Chesapeake Energy CEO Aubrey McClendon is facing shareholders for the first time since reports about personal business dealings sparked a drop in the company's shares and charges of insufficient oversight by the board of directors were leveled.
The nation's second-largest natural gas producer has also been plagued by a large debt load and plunging natural gas prices. Shares are down 20 percent since Jan. 1.
The share sell-off followed disclosure that McClendon was allowed to borrow money from a company that Chesapeake was doing business with. Shareholders began calling for a shake-up of the board after Chesapeake acknowledged that directors hadn't fully scrutinized the loans' details.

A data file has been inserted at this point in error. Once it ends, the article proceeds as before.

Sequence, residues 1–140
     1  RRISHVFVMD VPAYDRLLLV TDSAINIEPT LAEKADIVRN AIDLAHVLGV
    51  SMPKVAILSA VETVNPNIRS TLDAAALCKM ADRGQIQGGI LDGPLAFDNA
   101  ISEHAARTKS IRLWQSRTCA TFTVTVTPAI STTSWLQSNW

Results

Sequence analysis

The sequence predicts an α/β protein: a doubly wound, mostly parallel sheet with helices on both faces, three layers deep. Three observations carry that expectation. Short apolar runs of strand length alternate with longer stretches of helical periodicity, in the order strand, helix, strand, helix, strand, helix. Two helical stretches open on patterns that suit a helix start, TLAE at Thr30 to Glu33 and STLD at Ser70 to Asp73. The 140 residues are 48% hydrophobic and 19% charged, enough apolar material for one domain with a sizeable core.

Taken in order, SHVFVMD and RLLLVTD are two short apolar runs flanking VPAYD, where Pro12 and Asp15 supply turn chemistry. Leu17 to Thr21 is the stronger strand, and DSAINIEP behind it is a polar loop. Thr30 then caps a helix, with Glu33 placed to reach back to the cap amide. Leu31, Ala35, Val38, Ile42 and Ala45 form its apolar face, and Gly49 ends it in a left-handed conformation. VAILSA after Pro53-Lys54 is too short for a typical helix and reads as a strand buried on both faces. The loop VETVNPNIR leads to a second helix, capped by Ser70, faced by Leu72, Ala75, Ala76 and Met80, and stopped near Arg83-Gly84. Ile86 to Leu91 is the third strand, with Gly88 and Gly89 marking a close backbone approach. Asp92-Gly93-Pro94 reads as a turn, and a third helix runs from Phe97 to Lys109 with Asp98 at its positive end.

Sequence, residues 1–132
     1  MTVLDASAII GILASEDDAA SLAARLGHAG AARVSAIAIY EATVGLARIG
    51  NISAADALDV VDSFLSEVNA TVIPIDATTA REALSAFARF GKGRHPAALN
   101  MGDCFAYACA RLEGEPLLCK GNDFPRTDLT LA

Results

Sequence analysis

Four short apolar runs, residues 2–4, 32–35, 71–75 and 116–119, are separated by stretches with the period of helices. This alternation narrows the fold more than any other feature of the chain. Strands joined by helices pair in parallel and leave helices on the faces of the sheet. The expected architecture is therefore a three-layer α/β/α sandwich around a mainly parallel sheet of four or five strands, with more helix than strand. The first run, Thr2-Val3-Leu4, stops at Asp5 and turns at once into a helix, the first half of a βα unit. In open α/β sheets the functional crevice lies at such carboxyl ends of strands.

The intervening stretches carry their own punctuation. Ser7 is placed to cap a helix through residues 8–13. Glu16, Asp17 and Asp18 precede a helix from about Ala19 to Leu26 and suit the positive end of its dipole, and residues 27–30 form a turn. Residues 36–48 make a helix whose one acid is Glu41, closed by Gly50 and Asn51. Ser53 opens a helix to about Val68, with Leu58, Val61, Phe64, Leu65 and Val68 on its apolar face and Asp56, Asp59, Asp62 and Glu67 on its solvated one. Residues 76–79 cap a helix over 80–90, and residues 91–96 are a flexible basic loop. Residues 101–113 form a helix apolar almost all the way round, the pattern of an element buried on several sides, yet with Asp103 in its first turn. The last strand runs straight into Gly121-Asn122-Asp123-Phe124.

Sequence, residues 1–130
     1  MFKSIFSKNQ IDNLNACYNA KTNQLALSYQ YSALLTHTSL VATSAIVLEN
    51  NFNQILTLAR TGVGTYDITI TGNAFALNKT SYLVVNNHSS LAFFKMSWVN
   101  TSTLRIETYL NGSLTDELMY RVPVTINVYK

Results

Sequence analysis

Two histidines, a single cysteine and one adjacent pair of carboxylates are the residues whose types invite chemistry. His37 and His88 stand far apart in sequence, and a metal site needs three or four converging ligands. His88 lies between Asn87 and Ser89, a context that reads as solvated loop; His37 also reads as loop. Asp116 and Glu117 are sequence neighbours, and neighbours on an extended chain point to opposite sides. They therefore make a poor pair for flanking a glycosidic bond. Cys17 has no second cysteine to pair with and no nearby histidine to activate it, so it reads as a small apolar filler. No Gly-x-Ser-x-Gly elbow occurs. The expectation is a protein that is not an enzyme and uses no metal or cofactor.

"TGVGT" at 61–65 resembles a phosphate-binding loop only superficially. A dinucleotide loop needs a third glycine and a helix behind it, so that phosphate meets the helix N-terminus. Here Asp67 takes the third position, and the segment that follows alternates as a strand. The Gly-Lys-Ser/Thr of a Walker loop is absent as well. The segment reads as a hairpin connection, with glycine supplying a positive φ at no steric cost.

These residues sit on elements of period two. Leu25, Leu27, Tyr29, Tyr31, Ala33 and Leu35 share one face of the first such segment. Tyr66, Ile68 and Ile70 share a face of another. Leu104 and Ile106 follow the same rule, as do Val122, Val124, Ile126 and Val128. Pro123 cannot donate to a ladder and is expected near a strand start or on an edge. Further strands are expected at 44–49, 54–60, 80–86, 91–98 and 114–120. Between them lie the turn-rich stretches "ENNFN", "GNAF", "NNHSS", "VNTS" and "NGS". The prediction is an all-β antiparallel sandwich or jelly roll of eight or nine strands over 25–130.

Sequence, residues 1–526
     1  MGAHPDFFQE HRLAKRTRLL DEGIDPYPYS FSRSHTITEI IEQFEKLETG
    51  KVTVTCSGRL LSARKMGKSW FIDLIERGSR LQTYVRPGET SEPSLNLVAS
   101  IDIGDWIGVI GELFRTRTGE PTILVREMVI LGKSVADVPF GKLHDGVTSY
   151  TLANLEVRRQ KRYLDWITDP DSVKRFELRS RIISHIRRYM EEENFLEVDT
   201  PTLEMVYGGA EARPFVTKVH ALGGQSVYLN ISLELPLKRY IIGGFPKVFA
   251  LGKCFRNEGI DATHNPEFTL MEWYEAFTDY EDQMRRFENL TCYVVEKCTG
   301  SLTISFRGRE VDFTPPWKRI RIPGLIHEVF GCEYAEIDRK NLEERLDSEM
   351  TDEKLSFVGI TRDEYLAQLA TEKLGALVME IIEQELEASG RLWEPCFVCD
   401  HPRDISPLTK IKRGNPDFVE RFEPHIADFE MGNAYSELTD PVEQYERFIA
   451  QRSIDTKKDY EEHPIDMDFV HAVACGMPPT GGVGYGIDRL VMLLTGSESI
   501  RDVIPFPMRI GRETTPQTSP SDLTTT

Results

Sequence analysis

Chesapeake has agreed with Carl Icahn and Southeastern Asset Management, its largest shareholder, to replace four of nine board members with directors they choose.